Annals of Thoracic Medicine Official publication of the Saudi Thoracic Society, affiliated to King Saud University
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Year : 2013  |  Volume : 8  |  Issue : 1  |  Page : 65
Authors' reply

Department of Pulmonary Medicine, R.G.Kar Medical College and Hospital, Kolkata, Midnapore Medical College and Hospital, West Midnapore, India

Date of Web Publication9-Jan-2013

Correspondence Address:
Bhuniya Sourin
Department of Pulmonary Medicine, R.G.Kar Medical College and Hospital, Kolkata, Midnapore Medical College and Hospital, West Midnapore
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Source of Support: None, Conflict of Interest: None

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How to cite this article:
Sourin B. Authors' reply. Ann Thorac Med 2013;8:65

How to cite this URL:
Sourin B. Authors' reply. Ann Thorac Med [serial online] 2013 [cited 2023 Mar 24];8:65. Available from:


We would like to thank our readers for showing interest in our article [1] and expressing their views on this topic. The authors had raised some doubts over therapeutic pleural fluid aspiration especially in asymptomatic patients and we too had mentioned in our discussion that there is still no consensus on this. We had discussed in our article that all the patients included in the study had moderate to massive tuberculous pleural effusion and experienced dyspnea at rest or on exertion. Therefore, there was an indication for therapeutic thoracentesis in each of the patients.

The authors have rightly pointed out that we did not discuss about the development of pneumothorax following thoracentesis in our patients. This is because none of the 52 patients included in our study developed iatrogenic pneumothorax following either diagnostic or therapeutic thoracentesis. Apart from vasovagal reactions in a couple of patients, we did not encounter any other complications following thoracentesis. The most likely explanation may be, since this study was done in a tertiary level teaching hospital, all the interventional procedures were done by trained residents under the supervision of the faculties of Pulmonary Medicine. A prospective bivariate analytical study had suggested that thoracentesis-related pneumothorax is rare and is not easily predictable when the procedures are performed under faculty supervision in a controlled environment. [2] There are other studies also which claim that thoracentesis is a very safe procedure with few complications. [3],[4]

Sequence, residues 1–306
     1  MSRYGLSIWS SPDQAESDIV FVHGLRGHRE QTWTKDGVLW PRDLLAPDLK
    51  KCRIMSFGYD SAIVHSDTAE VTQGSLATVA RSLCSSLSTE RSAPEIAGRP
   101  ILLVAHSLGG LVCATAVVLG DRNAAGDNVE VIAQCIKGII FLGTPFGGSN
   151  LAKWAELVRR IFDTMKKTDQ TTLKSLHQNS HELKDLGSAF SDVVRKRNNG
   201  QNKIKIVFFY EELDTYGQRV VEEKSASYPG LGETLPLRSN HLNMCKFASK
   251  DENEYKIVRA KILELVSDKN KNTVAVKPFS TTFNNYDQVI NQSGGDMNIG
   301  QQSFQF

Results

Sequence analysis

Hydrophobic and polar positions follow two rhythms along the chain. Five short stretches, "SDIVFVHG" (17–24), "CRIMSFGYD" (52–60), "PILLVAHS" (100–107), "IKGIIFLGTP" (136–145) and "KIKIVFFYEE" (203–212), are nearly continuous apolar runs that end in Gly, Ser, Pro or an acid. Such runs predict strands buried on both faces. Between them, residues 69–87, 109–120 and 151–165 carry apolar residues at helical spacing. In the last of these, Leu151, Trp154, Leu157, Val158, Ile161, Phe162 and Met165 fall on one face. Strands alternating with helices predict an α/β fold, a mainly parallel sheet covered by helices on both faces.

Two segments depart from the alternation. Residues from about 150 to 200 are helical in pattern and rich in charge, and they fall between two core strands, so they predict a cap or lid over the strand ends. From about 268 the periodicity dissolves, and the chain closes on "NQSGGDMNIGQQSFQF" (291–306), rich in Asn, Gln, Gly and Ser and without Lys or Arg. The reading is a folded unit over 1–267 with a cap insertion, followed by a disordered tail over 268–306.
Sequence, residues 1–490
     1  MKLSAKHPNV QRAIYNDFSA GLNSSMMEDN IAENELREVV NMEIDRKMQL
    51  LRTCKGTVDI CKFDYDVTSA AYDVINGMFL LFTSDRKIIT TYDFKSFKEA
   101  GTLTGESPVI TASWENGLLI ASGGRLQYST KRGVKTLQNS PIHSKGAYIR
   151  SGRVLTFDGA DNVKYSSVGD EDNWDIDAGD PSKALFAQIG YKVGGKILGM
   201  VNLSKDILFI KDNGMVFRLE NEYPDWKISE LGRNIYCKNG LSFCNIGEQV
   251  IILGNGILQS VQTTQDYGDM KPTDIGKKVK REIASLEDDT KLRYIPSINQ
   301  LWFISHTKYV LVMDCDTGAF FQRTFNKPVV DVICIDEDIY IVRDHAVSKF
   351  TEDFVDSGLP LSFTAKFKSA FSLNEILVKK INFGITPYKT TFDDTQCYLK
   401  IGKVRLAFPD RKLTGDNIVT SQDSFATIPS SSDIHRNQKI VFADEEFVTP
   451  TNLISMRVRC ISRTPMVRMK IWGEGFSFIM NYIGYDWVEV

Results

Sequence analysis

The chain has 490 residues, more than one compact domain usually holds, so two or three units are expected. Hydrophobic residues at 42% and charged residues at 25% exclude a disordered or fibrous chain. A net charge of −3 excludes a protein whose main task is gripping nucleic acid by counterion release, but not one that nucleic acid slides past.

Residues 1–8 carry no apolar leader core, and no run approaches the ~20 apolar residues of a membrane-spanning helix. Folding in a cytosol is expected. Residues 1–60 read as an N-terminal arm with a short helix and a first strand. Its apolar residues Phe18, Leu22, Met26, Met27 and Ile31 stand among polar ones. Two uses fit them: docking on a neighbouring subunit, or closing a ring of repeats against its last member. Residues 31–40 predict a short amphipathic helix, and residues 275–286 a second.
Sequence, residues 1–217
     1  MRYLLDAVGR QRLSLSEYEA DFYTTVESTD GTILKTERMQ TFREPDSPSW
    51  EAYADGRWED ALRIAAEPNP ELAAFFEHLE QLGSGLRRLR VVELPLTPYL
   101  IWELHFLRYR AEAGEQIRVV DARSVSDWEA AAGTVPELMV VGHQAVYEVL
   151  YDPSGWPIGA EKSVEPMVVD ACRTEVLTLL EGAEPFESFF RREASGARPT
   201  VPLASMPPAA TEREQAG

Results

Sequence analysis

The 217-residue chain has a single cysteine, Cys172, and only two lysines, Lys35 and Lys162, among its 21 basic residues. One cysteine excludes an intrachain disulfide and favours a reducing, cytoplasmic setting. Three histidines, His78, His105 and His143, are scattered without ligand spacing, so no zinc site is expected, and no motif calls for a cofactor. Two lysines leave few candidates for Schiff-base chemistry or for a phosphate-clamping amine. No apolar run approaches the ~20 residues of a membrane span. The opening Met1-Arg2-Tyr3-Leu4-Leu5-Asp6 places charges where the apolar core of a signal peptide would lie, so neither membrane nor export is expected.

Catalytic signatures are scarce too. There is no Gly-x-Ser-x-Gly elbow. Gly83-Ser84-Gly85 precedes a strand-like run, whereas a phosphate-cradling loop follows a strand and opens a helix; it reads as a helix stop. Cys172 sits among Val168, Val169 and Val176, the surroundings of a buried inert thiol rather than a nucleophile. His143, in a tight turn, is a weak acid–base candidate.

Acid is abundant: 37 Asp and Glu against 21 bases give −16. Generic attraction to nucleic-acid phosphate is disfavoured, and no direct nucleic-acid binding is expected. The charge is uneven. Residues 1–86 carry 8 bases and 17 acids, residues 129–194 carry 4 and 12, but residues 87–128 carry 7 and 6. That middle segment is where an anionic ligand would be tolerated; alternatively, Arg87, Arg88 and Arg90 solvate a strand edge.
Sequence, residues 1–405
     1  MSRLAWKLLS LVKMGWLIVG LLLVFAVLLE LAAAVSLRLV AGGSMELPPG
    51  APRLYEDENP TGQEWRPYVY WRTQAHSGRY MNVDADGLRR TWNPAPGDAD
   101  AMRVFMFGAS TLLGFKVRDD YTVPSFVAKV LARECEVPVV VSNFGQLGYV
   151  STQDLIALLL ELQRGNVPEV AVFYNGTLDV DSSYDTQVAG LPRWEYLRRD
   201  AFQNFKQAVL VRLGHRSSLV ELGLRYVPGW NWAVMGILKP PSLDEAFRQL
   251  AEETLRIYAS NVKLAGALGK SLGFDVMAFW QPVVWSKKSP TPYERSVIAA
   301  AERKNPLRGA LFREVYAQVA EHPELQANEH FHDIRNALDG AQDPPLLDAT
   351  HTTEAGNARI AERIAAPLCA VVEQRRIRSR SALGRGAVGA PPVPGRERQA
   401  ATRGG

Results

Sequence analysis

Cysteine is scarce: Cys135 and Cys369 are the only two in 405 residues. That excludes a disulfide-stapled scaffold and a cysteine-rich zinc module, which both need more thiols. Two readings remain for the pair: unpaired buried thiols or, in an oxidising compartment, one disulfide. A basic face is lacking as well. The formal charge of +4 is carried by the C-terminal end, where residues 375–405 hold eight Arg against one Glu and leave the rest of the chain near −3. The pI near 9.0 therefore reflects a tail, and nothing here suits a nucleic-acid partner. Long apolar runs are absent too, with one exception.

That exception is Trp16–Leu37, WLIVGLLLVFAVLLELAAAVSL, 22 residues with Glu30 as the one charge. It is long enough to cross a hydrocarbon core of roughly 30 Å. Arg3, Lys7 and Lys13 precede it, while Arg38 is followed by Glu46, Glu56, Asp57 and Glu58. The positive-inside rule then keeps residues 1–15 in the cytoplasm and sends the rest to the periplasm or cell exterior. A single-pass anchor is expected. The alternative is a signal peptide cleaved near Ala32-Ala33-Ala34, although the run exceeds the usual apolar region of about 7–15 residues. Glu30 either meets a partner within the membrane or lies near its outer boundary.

A comparative analytical study to establish the risk-benefit ratio would have been useful if the procedures were associated with multiple complications like pneumothorax, vasovagal reactions, re-expansion pulmonary edema, hemothorax, or subcutaneous hematoma.

   References Top

1.Dutt N. Therapeutic thoracentesis in tuberculous pleural effusion: Needs more ammunition to prove. Ann Thorac Med 2013;8:65.  Back to cited text no. 1
  Medknow Journal  
2.Colt HG, Brewer N, Barbur E. Evaluation of patient-related and procedure-related factors contributing to pneumothorax following thoracentesis. Chest 1999;116:134-8.  Back to cited text no. 2
3.Diaz G, Castro DJ, Perez-Rodriguez E. Factors contributing to pneumothorax after thoracentesis. Chest 2000;117:608-9.  Back to cited text no. 3
4.Abunasser J, Brown R. Safety of large-volume thoracentesis. Conn Med 2010;74:23-6.  Back to cited text no. 4


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